(This post is dedicated to Elizabeth Marro, a great writer and blogging friend who had the patience to deal with me long enough to put together an excellent interview. Sorry I’m so late in posting this, Betsy.)
A bottle cap is an afterthought. A dimpled nothing used to keep fluid from spilling, the barely closed door to glass jail cell, a temporary seal that exists only to be pried up, removed, and thrown away.
Thrown away and rarely remembered, forever torn from its bottle and worldly purpose.
I always imagine that every bottle and cap is a monogamous pair, and once the two have been parted, its unlikely they’ll ever meet again. They are a young, summer romance where the boy lives in Philadelphia and the girl lives in Seattle; they’ll have their fun and walk the beaches of innocent puppy love, knowing full well their time is short and destined to end.
I keep a unique bottle cap from every different beer I drink. I’m not sure why, or what I plan to do with them, other than occasionally admire the rainbow of shiny metal that slowly grows bigger as I add to the freezer bag in my basement. To me they are beautiful reminders of my experiences. Self-contained works that are just as much a part of the beer as the label and the glass. Some artist, at some point, in some place, put some thought and some of herself into that 1.02 inches and 21 crowned teeth of rounded real-estate.
A few weeks ago while I was running, I saw a green glint on the side of my path and stopped. I found a tiny little screw-top cap, scuffed and abused but still clearly wearing its Smirnoff uniform proudly. Based on the color and size, I assumed it was from a 50ml “mini” of either Smirnoff Green Apple or Lime vodka. I felt bad just tossing it back into the overgrowth, partly because nature can’t do much with an old aluminum cap, and partly because it seemed lonely out there by itself. Recycling it seemed the fairest thing to do for all involved; a snail wouldn’t mistake it for a mate, it could be with a million of its friends at the recycling plant, and I’d feel like I helped the universe in some tiny way.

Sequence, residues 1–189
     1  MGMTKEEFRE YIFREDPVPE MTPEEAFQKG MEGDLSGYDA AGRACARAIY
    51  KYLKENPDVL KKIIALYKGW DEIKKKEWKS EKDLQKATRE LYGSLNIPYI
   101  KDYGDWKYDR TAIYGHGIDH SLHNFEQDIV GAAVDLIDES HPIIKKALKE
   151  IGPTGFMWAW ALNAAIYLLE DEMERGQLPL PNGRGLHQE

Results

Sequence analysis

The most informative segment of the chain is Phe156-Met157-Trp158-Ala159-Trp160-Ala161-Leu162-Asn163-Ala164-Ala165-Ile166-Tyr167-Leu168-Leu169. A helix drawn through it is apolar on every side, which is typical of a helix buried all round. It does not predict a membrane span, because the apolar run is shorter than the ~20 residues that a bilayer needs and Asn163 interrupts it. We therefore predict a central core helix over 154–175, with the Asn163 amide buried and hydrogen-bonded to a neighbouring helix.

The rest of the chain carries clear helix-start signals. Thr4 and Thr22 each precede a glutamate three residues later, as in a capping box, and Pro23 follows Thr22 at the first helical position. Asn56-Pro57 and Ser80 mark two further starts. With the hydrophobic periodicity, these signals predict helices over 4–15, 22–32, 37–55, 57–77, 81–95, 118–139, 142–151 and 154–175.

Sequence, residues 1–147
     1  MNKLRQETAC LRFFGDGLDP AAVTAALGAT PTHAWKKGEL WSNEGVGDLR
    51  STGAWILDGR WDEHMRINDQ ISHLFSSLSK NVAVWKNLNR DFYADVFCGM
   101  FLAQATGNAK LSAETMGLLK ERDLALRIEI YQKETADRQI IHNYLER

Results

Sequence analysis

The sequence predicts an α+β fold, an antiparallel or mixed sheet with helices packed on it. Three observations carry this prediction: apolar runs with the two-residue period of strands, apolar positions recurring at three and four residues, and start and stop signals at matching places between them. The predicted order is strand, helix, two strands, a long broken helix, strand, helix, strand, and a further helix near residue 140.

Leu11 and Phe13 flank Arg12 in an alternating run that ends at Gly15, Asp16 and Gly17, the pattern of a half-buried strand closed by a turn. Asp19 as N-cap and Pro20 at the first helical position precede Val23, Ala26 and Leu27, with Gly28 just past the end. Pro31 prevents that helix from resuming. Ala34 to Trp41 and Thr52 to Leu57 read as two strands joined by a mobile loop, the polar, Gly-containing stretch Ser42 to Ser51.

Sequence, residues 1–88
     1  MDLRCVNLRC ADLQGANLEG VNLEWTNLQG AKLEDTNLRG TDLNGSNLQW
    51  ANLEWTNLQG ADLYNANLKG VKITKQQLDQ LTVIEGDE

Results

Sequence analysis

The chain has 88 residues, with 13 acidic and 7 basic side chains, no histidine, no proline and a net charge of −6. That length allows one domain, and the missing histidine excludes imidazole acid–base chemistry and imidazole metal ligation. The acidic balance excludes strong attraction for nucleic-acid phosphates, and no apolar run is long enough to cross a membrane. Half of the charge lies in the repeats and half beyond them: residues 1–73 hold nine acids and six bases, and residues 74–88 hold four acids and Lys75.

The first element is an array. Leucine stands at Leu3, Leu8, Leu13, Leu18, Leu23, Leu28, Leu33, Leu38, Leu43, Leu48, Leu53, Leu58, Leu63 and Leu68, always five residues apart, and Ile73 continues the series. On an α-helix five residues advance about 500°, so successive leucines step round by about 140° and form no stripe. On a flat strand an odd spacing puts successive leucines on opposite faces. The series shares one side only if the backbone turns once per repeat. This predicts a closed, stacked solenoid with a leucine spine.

Before I got back to exorcising the beer from the night before, I wandered into the unkempt mess of the tiny strip of woodlands next to my office, looking for any other caps that had been abandoned, left to a leafy, muddy fate. I found several half buried bottles, labels long washed off by Maryland rain, filled halfway with dirt like they had gone feral in their few years away from humans. I also found several old Duracells, an empty bag of Doritos (Cool Ranch!), and a spare “donut” tire.
Just as I was about to give up, I spotted another cap playing chameleon with the ruddy dirt. This one was rusted to the point of tetanus worries, but I picked it up and pocketed it all the same. It said, boldly, “Corona Light”, which, for anyone who knows beer and Corona, seems like a brewing impossibility.
Then I spotted another catching some of retreating sun in its silver crown, regally demanding I come pick it up it. This one was more decorated than the other two, with white laurels circling the italicized M, G, D. It wasn’t quite as deteriorated as the Corona cap, and a thin black title – “Miller Brewing” – ran the circumference like dog tags; identification should the beer ever be lost in combat.
I tossed these three around in my hand, this motley crew of mainstream brew, wondering how they got here. Had a sad cubicle monkey forced down some vodka to make it through his work day? Had a few kids up to no good chugged whatever cheap beer they could lift from their uncle’s barbecue the weekend before? Had they been opened miles away and migrated in cars or pockets or trash bags, only to find their nearly-final graves here in the rarely-visited brush outside a boring corporate park?
So I rescued them. I know there are millions more out there, braving the elements all by themselves, slowly returning to the earth as carbon and iron and polyethylene. But at least these three can return to the great circle of brew-life, hopefully one day gracing the top of a new shiny bottle, standing tall and proud, if only for one glorious, ephemeral moment.